Members of the UK200Group comment on the Smith & Williamson quarterly Enterprise Index results
Members of the UK200Group of independent accountancy and law firms have today commented on news that the latest Smith & Williamson quarterly Enterprise Index suggests that a lack of confidence in the global economy, changes to taxes on dividends and the introduction of the new national living wage have all contributed to a drop in confidence amongst small businesses. It found that 70% of entrepreneurs believe the government is committed to supporting private enterprise; a drop of 10 percentage points in three months.
Duncan Montgomery, tax partner at UK200Group member firm Whittingham Riddell, said: “Confidence is lower than it was, but dividend changes have not been understood and in fact for many they are more than compensated for with lower corporation tax rates. With proper planning at an early stage the dividend tax should not bite. On the ground businesses with a vision, and a growth model seem undimmed, those who are only trying to repeat last year plus a bit are the ones that are less happy.”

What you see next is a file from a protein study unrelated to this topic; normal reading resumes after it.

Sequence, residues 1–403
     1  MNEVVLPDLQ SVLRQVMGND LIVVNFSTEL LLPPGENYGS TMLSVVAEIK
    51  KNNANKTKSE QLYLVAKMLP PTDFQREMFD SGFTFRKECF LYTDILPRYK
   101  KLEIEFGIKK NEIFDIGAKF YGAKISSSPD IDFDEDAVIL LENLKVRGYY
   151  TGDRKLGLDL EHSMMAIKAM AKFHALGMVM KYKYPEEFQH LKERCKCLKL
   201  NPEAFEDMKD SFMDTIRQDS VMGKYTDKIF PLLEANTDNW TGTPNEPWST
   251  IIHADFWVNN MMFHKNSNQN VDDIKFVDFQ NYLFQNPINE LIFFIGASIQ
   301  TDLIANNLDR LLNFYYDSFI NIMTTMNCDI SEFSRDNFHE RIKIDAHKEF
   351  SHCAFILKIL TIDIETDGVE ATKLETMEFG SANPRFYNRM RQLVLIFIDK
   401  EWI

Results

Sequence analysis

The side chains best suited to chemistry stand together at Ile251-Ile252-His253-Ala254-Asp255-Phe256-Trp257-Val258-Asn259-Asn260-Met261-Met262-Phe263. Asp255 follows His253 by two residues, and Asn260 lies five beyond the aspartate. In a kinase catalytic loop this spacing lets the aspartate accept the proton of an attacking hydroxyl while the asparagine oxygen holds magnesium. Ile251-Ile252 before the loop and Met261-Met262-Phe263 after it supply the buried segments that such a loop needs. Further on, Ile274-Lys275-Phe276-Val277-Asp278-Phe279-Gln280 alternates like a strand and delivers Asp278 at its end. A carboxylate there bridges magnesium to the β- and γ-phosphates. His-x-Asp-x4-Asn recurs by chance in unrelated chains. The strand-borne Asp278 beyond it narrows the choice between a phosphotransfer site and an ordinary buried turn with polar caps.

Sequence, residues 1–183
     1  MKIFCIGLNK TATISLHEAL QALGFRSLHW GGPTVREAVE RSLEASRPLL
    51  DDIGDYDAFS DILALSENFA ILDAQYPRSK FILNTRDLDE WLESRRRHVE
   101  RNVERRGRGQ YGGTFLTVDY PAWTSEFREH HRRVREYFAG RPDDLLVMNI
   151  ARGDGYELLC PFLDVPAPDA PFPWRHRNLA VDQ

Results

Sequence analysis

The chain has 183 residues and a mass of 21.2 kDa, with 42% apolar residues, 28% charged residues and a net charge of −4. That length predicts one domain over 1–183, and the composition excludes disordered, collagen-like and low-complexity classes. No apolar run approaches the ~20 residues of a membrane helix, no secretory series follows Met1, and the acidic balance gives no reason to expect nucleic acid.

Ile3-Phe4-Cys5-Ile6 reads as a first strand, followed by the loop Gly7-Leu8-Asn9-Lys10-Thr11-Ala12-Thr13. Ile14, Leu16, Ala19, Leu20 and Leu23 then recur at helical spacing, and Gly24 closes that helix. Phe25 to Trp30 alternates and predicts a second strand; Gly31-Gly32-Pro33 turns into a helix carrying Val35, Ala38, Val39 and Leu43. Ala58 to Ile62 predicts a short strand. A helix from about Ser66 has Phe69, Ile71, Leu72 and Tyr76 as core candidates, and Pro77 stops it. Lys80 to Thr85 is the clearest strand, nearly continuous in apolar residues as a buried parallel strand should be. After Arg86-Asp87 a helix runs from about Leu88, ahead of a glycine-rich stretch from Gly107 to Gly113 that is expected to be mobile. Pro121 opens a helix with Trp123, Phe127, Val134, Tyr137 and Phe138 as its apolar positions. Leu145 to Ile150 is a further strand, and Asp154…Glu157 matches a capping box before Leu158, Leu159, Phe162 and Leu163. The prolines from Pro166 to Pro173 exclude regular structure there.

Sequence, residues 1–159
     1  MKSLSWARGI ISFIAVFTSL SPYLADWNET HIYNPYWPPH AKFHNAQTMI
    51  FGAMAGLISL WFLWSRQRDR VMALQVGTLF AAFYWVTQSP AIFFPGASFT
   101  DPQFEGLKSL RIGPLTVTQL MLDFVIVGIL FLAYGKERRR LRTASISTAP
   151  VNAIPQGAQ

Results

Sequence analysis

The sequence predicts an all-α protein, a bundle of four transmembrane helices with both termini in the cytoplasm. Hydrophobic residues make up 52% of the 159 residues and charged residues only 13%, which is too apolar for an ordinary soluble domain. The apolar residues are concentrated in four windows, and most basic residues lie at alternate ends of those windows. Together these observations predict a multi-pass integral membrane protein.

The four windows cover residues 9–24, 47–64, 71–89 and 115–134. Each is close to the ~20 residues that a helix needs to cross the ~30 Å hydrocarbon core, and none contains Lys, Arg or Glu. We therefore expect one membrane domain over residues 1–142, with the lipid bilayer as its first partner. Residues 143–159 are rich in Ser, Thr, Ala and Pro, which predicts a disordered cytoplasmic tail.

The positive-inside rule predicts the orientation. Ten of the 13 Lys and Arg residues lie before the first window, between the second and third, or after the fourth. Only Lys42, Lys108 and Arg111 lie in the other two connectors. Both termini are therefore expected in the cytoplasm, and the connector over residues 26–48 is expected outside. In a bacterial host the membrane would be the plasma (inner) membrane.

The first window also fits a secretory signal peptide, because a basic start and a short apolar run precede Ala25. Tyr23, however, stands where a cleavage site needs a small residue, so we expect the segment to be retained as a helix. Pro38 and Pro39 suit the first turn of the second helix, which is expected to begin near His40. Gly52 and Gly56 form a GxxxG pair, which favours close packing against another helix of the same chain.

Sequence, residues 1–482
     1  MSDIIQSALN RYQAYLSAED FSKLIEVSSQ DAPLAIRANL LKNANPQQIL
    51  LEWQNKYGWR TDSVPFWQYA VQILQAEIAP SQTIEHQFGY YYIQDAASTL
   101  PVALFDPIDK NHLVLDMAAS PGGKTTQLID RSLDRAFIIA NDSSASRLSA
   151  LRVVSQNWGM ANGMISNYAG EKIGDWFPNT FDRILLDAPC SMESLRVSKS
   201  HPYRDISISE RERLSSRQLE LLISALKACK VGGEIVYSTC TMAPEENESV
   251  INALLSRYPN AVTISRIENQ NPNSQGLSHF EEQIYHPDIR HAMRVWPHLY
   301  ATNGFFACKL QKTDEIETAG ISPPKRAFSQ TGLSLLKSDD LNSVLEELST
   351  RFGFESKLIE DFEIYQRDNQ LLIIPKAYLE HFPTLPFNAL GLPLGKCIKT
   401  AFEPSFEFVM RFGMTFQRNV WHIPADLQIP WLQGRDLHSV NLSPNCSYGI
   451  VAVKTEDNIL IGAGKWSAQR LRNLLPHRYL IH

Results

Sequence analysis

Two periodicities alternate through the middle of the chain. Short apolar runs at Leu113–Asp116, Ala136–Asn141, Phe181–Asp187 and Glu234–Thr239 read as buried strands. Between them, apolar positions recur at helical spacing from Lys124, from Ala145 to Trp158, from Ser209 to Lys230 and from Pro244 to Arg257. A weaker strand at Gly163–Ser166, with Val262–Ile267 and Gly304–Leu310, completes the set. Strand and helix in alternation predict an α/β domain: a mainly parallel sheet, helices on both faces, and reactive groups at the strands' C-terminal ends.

Jonathan Russell, partner at UK200Group member firm ReesRussell, said: “Small business believe that most tax changes of late have been to the benefit of large businesses rather than small businesses. Whilst headlining the cuts in corporation tax these only benefit larger businesses as the small company rate has not changed for many years and the reductions for small business are in the future. The impact of the living wage and auto-enrolment for pensions hits small business much harder because they do not have the infrastructure to deal with it which increases their operating costs to deal with the red tape. It is true that there are tax breaks for investment but these are of little use to businesses simply looking to earn a wage for their owners. The final straw is the change in the taxation of dividends which again has little impact on larger businesses because most small businesses look at their total tax burden on the business and on the proprietor rather than viewing them individually. It may be politically that UK needs to attract more large businesses but small businesses need assistance too.”